Cells Race End to End in a Petri Dish

Today's Best Tech Deals

Picked by PCWorld's Editors

Top Deals On Great Products

Picked by Techconnect's Editors

Cells racing in tiny race track; Credit: Nature
Cells racing in tiny race track; Credit: Nature

Most "normal" people race in race cars, in marathons, or on bikes, but not these people. No, these researchers raced cells in Petri dishes.

Competing neck to neck (or, should I say, flagellum to flagellum?), cells raced across a 400-micron-long racetrack in a petri dish (see the video below). The competition, called the World Cell Race, had participants from 50 labs hailing from all over the globe, according to a blog post on Nature.

To race, the competitors sent frozen cell lines--or cultures--to designated laboratories in Boston, London, Heidelberg, Paris, San Francisco, and Singapore. About 200 thawed cells of each cell type were then placed in specially designed race tracks that were 400 microns (.4mm) long and coated with a special substance that gave the cells traction. The cells were then recorded for 24 hours by digital cameras to determine the fastest cell for each cell line.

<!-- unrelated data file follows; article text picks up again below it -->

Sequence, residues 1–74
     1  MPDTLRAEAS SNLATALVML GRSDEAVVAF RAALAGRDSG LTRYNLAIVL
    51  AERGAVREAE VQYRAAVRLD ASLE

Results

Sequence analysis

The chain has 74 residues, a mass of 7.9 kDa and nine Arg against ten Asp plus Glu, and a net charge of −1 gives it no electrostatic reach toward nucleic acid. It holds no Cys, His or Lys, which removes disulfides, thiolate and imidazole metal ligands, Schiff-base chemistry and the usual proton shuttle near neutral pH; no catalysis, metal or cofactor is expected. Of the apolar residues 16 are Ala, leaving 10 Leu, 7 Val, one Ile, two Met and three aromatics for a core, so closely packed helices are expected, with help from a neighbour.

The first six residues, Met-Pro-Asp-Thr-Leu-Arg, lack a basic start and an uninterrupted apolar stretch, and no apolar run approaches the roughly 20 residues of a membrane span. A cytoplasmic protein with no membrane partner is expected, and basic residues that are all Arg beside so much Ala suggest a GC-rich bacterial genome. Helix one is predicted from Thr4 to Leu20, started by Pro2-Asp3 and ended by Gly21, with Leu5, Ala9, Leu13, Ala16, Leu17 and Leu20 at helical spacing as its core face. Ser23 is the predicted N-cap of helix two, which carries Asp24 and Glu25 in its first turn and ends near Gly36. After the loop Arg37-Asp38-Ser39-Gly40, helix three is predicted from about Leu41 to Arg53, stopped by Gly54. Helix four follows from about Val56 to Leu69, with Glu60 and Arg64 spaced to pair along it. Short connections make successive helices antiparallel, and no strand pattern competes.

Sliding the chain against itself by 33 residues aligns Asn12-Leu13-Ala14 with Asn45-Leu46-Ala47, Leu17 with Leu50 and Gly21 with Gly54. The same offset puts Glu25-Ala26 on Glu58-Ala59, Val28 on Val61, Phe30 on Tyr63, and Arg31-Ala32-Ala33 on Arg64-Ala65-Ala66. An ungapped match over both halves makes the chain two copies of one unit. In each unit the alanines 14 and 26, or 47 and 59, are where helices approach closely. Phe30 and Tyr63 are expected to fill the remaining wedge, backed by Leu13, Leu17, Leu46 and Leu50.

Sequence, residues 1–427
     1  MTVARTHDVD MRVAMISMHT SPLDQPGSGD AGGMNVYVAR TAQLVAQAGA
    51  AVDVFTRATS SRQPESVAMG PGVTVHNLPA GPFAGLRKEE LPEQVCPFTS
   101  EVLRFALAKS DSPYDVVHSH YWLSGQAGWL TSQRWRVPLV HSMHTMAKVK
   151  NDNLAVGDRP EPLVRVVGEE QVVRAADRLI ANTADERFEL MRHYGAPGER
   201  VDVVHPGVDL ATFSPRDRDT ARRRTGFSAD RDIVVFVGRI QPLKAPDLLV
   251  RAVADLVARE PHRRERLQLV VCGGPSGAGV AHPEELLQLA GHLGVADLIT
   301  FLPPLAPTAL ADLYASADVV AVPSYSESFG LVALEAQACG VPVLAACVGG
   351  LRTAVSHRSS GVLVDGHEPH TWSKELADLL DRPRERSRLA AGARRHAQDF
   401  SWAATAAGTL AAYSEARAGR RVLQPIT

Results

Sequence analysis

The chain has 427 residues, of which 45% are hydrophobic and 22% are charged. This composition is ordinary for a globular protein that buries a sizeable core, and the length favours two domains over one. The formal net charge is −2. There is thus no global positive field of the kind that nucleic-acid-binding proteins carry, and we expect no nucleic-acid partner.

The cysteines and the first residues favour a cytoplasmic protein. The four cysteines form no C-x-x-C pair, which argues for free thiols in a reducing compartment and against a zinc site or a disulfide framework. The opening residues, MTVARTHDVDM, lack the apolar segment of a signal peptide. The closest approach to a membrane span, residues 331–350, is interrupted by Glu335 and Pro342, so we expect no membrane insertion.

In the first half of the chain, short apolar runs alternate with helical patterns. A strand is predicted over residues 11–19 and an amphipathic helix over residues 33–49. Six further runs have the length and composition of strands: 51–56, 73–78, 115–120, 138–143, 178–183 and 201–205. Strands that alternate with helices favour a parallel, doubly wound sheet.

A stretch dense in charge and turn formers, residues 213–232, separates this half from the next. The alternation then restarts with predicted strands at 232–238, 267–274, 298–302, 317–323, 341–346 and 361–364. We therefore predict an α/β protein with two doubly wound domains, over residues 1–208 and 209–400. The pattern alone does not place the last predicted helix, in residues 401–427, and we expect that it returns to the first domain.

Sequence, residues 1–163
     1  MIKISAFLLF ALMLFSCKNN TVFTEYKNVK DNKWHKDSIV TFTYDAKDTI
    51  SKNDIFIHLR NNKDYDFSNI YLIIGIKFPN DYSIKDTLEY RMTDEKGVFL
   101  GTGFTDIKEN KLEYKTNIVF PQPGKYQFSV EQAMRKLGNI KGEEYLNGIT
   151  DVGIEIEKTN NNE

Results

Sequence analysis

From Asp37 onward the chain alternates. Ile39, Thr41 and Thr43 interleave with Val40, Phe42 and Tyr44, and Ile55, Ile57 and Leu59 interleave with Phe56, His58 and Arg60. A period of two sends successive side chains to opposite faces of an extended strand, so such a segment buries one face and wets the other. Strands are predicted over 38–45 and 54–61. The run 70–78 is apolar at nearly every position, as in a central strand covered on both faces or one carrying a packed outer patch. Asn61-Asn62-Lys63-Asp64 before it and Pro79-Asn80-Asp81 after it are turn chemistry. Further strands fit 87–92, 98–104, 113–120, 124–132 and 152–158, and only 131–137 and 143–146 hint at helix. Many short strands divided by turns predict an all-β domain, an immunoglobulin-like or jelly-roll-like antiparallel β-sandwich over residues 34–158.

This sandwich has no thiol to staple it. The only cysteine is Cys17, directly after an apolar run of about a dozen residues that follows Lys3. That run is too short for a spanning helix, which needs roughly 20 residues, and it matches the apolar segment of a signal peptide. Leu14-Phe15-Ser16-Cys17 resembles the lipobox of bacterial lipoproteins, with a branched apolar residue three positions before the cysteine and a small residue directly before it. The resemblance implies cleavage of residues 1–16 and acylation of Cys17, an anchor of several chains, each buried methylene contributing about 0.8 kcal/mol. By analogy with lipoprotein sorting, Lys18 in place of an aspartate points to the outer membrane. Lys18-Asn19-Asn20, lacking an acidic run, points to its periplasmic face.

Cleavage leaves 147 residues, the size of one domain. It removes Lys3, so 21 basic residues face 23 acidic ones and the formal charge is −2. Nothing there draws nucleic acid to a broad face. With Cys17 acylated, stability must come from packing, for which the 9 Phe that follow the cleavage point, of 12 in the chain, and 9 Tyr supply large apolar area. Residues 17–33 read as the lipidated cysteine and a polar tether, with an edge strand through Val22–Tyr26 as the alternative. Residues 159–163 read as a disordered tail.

And the winners? According to the results announced at the American Society for Cell Biology's annual meeting, some frisky little fetal mesenchymal bone marrow stem cells from Yuchun Liu at the National University of Singapore took the title for the world's fastest cells.

To give you some idea of just how small this race is, it turns out that that stem cells have a wide range of sizes depending on their age and their purpose. Some larger stem cells like mouse embryonic stem cells can be as large as 440 micrometers in diameter, according to Japanese researchers, while Mesenchymal stem cells can be as small as 10 micrometers, as noted in an article published in PSC Publishing's journal of Integrative Biology.

But this competition isn't just about the fittest cells; it's also about looking at how cells move and migrate. Not all cells have flagellum--a tail-like structure--to help them move, so cell migration is somewhat of a mystery. Cell migration can help researchers understand how organs develop, how cancers spread, and how other operations in the body function.

If you think cell racing is crazy, Théry says that other cell competitions, like cellular swimming, may be in the works. And get this: weightlifting, may be up next.

[World Cell Race, Nature, and Nature on YouTube via Gizmodo]

Follow James Mulroy on Twitter and on StumbleUpon to get the latest in microbe, dinosaur, and death ray news.

Note: When you purchase something after clicking links in our articles, we may earn a small commission. Read our affiliate link policy for more details.
Shop Tech Products at Amazon